Again in the brightly sparking flashes, Mr Nawaz Sharif and his team were received by Mohtarma Benazir Bhutto and her team. Once again we had difficulty entering the house. The actual meeting started four hours late at 3 pm. Showing palpable cordiality, the two leaders went through the items one by one with a positive mindset and determination to make things right. After all, they knew the future of Pakistani politics vis-à-vis real democracy was in their hands. It seemed, they had put their past bitterness behind and were looking forward to a future healthy and tolerant political set-up. They wanted to bring proper rule of law by strengthening the judiciary through a transparent selection of judges. They wanted to have real democracy in the country by making the election commission an independent institution. They wanted to methodise procedures to alleviate poverty, reduce unemployment and give real hope to those who had been ignored in the past. Lastly they wanted to block the military takeovers of civilian governments and making the army subservient to the civilians as in other civilised countries.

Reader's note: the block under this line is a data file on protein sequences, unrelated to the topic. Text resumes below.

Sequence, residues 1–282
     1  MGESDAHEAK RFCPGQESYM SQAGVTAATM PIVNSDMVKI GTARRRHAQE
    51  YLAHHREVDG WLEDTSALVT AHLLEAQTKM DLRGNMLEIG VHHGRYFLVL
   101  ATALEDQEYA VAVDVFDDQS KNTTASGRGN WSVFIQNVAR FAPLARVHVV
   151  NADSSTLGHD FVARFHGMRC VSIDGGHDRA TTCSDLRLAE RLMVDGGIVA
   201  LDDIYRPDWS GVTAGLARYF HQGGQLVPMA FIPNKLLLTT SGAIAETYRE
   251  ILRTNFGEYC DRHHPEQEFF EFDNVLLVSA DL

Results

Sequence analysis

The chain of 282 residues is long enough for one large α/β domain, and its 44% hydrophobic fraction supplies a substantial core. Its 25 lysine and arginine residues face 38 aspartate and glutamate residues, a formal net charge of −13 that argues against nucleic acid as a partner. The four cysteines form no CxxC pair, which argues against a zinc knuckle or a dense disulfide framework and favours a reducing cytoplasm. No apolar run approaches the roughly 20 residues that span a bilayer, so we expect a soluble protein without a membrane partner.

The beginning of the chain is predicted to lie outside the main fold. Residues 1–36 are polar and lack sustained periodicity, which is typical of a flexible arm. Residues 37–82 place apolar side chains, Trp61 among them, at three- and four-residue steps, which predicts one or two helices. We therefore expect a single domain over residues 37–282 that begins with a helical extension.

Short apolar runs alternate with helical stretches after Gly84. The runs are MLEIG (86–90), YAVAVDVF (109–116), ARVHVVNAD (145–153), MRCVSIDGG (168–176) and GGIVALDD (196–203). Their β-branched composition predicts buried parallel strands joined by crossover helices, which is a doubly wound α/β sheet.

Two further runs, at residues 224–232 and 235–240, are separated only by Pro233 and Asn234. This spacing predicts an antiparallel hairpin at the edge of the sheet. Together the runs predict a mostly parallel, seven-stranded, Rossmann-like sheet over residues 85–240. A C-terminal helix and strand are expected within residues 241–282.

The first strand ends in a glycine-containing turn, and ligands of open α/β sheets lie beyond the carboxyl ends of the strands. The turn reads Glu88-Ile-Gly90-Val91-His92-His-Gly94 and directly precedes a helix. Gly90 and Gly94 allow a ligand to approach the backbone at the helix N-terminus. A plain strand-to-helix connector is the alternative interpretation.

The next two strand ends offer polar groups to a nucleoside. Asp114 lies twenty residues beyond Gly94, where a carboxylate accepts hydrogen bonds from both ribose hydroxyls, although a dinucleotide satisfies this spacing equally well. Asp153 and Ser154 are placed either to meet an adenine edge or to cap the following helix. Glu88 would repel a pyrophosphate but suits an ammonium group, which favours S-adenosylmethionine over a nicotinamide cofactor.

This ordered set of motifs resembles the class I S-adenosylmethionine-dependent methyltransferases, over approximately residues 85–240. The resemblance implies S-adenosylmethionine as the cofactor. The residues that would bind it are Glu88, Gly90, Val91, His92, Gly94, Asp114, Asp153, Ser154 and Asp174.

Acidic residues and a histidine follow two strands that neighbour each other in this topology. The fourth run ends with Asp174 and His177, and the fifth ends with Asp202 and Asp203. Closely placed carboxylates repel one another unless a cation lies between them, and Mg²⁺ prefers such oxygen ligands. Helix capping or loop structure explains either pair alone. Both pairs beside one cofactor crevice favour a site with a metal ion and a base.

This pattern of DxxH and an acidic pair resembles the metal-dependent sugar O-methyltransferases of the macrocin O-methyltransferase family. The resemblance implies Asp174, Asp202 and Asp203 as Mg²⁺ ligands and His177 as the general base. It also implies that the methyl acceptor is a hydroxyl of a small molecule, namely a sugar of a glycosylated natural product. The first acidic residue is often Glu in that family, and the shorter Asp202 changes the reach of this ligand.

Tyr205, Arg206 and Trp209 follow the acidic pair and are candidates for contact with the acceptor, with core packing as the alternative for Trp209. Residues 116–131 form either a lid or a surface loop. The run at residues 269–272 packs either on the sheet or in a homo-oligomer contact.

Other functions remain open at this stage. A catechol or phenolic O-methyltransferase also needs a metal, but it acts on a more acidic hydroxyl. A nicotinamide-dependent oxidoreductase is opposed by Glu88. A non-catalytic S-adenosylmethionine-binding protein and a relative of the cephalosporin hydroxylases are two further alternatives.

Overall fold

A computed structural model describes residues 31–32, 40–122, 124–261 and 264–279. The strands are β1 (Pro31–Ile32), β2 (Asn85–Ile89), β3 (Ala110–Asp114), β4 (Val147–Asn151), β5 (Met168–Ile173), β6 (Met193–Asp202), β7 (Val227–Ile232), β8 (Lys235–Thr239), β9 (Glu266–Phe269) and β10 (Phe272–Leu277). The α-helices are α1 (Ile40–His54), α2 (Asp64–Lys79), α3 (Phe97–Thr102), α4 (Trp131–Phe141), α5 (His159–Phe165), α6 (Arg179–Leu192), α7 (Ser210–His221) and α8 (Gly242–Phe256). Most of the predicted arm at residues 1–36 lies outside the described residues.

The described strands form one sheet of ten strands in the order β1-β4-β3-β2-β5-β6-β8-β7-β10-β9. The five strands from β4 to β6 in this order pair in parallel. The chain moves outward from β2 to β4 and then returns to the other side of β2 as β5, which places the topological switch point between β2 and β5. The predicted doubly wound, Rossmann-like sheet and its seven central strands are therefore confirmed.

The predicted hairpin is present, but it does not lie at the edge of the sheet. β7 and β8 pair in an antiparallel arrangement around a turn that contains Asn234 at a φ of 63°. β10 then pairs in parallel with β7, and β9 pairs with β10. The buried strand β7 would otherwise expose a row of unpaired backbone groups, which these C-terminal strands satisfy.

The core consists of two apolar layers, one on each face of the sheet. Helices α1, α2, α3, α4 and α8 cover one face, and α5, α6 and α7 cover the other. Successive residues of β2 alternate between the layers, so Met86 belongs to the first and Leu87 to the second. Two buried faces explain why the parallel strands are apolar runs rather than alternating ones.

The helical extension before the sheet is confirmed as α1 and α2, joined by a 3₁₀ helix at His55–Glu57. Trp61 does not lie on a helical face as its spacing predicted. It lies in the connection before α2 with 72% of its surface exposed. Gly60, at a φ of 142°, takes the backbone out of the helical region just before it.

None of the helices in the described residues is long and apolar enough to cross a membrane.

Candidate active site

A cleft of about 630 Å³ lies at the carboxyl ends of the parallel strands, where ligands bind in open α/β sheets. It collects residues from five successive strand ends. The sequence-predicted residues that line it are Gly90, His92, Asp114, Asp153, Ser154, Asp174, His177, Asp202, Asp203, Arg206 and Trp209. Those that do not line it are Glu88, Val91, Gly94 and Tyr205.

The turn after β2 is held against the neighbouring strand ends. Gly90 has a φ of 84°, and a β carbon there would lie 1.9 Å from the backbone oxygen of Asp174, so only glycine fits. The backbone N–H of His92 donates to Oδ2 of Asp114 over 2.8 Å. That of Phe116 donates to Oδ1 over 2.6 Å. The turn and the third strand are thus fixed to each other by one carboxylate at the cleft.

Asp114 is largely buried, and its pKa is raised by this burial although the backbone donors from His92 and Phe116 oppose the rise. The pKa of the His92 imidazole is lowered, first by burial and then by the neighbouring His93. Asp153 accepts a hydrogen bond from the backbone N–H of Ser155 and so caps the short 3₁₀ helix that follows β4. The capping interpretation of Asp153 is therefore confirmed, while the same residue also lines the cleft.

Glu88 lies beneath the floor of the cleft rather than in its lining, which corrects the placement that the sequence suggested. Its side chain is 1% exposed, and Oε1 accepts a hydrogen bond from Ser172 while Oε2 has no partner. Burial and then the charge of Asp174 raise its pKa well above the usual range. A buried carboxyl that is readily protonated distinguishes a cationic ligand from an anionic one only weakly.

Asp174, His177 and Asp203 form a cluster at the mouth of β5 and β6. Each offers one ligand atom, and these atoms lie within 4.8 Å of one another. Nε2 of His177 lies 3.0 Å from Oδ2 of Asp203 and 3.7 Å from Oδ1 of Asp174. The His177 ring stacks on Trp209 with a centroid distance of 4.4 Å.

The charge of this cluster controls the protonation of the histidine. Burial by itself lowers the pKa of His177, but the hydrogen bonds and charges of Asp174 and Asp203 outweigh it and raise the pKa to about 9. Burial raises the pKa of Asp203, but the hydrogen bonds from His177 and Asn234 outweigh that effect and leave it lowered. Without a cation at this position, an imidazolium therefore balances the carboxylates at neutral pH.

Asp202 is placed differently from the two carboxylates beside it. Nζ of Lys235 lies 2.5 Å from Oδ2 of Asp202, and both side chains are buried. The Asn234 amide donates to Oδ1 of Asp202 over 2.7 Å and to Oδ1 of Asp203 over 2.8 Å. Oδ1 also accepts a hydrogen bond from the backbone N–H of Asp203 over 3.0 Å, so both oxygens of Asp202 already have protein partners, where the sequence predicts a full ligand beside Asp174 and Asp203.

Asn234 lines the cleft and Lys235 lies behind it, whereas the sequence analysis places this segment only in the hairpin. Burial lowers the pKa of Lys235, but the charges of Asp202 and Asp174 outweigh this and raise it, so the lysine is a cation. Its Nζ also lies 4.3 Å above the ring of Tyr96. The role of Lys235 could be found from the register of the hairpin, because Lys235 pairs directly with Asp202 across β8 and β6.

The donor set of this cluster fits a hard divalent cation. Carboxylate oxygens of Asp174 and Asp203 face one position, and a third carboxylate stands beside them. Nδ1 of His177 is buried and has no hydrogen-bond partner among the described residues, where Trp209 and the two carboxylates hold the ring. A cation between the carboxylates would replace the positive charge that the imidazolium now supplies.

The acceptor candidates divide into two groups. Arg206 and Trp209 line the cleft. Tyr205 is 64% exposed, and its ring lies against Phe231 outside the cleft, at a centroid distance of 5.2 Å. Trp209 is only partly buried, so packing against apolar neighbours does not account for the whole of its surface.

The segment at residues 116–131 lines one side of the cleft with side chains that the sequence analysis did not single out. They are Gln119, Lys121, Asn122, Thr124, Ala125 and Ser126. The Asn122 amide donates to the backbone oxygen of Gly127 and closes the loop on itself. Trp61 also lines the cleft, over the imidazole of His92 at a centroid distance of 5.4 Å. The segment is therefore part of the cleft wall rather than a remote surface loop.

While the two leaders were sorting out matters for the good of the country, three students appeared from nowhere outside the house, with hurriedly written slogans and started chanting. They were quickly taken away from the scene. Later we were told that one of the boys confessed they were paid £50 each to create a scene so that it could be broadcasted on TV channels. One doesn’t have to be Plato to know who was behind this act. Except for the times when Mohammad Nawaz Sharif went out during prayer break; they remained glued to their chairs. It was 8.30 in the evening when sweets were distributed. The deal was done. It was skilfully written on the laptop by Ahsan Iqbal and carefully printed by Imran Khan. Now, the Charter of Democracy was ready for signature. It was time to call the press and media people to cover the historical event. The doors were opened and in no time the room was flooded with print and electronic personnel. The document was signed in the middle of flashing lights. The event was shown live on many channels. Those disillusioned pundits who predicted that it would never be signed must have felt bitterness at the back of their dry throats as if they were swallowing a sour pill.
For me, the last few hours that led to signing the document were indeed an experience of a lifetime. I could imagine the feelings going through the authors when they signed Pakistan Declaration in 1940 or the Constitution of Pakistan in 1973. The declaration of 1940 gave birth to Pakistan, 1973 gave a constitutional identity to the country and May 14, 2006, Inshallah, would give real democracy to this democracy-deprived land.

 

 


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Editor: Akhtar M. Faruqui